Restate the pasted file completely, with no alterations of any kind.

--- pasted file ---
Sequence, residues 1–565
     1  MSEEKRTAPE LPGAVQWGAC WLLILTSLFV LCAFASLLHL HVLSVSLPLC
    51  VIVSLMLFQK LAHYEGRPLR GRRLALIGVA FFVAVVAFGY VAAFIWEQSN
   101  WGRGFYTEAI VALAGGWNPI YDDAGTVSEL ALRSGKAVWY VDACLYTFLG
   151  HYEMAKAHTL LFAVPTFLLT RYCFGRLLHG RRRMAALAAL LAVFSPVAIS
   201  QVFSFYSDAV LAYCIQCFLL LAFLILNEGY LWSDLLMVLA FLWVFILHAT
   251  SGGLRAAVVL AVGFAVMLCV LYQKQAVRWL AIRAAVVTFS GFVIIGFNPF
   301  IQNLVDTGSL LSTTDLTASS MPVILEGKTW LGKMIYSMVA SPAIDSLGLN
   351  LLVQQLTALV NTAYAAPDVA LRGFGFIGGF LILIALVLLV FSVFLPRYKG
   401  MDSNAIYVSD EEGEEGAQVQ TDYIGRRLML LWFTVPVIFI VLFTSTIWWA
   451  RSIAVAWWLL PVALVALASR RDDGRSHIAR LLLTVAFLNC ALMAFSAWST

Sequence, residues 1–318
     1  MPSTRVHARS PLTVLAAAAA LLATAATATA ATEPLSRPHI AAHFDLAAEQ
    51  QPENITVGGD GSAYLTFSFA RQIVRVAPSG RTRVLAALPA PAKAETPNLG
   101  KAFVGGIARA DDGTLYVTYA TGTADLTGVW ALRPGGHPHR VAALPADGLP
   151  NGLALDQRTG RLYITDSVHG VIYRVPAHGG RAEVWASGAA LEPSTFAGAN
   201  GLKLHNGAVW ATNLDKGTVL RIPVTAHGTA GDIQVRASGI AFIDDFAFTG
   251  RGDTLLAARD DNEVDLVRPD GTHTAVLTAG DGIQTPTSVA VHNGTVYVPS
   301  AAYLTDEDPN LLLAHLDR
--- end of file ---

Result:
Sequence, residues 1–565
     1  MSEEKRTAPE LPGAVQWGAC WLLILTSLFV LCAFASLLHL HVLSVSLPLC
    51  VIVSLMLFQK LAHYEGRPLR GRRLALIGVA FFVAVVAFGY VAAFIWEQSN
   101  WGRGFYTEAI VALAGGWNPI YDDAGTVSEL ALRSGKAVWY VDACLYTFLG
   151  HYEMAKAHTL LFAVPTFLLT RYCFGRLLHG RRRMAALAAL LAVFSPVAIS
   201  QVFSFYSDAV LAYCIQCFLL LAFLILNEGY LWSDLLMVLA FLWVFILHAT
   251  SGGLRAAVVL AVGFAVMLCV LYQKQAVRWL AIRAAVVTFS GFVIIGFNPF
   301  IQNLVDTGSL LSTTDLTASS MPVILEGKTW LGKMIYSMVA SPAIDSLGLN
   351  LLVQQLTALV NTAYAAPDVA LRGFGFIGGF LILIALVLLV FSVFLPRYKG
   401  MDSNAIYVSD EEGEEGAQVQ TDYIGRRLML LWFTVPVIFI VLFTSTIWWA
   451  RSIAVAWWLL PVALVALASR RDDGRSHIAR LLLTVAFLNC ALMAFSAWST

Sequence, residues 1–318
     1  MPSTRVHARS PLTVLAAAAA LLATAATATA ATEPLSRPHI AAHFDLAAEQ
    51  QPENITVGGD GSAYLTFSFA RQIVRVAPSG RTRVLAALPA PAKAETPNLG
   101  KAFVGGIARA DDGTLYVTYA TGTADLTGVW ALRPGGHPHR VAALPADGLP
   151  NGLALDQRTG RLYITDSVHG VIYRVPAHGG RAEVWASGAA LEPSTFAGAN
   201  GLKLHNGAVW ATNLDKGTVL RIPVTAHGTA GDIQVRASGI AFIDDFAFTG
   251  RGDTLLAARD DNEVDLVRPD GTHTAVLTAG DGIQTPTSVA VHNGTVYVPS
   301  AAYLTDEDPN LLLAHLDR